Ancient Roman sarcophagus found next to baby bones near Borough Market
The 1,600-year-old coffin was found during an archaeological dig at a development site in Southwark.
An ancient Roman sarcophagus has been excavated from a building site in London.
The 1,600-year-old coffin, which was discovered near Borough Market in central London, is thought to contain the remains of a mother after the bones of a baby were found nearby, experts said.
Archaeologists lifted the lid of the stone coffin on Tuesday and found small bones and a broken Roman bracelet in the surrounding soil.
The team behind the discovery are not certain the infant was buried with the coffin, however, as it appears to have been opened by grave robbers in an area that was used by the Romans as a burial ground.
Gillian King, senior planner for archaeology at Southwark council, said a large crack on the lid was probably the work of thieves.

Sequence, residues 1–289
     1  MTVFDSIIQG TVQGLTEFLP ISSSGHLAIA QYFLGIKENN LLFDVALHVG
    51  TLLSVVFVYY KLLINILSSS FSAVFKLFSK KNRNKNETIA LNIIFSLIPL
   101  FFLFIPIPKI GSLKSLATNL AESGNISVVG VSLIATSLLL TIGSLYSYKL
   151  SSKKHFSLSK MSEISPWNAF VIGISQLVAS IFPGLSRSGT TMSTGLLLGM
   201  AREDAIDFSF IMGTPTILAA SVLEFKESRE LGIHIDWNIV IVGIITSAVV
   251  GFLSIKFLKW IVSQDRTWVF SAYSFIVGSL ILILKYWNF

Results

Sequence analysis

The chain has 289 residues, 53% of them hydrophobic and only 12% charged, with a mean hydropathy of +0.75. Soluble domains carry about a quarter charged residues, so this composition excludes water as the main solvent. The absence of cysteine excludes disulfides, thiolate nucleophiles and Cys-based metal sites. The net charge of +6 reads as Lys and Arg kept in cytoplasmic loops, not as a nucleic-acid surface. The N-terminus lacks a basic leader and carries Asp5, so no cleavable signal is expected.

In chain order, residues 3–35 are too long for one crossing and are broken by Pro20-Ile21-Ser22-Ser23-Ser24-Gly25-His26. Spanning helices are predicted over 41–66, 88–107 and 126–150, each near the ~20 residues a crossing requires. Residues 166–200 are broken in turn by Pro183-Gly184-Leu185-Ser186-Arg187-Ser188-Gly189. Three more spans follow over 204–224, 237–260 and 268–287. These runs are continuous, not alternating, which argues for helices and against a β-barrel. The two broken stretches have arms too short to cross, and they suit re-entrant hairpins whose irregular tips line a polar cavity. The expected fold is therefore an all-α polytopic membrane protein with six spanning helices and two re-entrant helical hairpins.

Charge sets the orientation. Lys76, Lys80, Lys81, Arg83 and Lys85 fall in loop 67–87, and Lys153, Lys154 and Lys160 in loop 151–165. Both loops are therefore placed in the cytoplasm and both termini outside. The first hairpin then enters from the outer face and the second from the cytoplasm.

“It’s been broken into two pieces, probably when robbers broke into it during the post-medieval period,” she said.
“We hope that they will have left the things that were of small value to them but great value to us as archaeologists.
“We always knew this site had the potential for a Roman cemetery, but we never knew there would be a sarcophagus.”
The coffin was found on Swan Street last month after the council told developers to pay for an archaeological dig on the site.
It was found several metres underground with its lid slid open, and experts suspect it was targeted by thieves back in the 18th century.
The council had asked developers to check the area for ancient finds before it went ahead with building new flats because of the site’s proximity to two large Roman roads.
Strict rules on Roman burials, which had to be outside of town walls, meant the location was a prime spot for historical finds.
Archaeologists discovered the coffin six months into the dig as they were due to finish their search.
They believe it was the coffin of a high status inhabitant of Roman London, but they will not know for sure until the bones and soil inside are tested and dated.
The sarcophagus will now be taken to the Museum of London’s archive in Hackney for analysis.